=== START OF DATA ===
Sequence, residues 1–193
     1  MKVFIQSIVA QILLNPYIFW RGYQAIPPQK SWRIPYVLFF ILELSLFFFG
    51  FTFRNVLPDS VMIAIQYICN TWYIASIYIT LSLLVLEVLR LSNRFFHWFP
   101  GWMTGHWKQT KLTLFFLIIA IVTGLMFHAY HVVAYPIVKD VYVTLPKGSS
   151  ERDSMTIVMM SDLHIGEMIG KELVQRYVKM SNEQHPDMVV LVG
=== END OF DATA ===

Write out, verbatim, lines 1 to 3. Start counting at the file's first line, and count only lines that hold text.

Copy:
Sequence, residues 1–193
     1  MKVFIQSIVA QILLNPYIFW RGYQAIPPQK SWRIPYVLFF ILELSLFFFG
    51  FTFRNVLPDS VMIAIQYICN TWYIASIYIT LSLLVLEVLR LSNRFFHWFP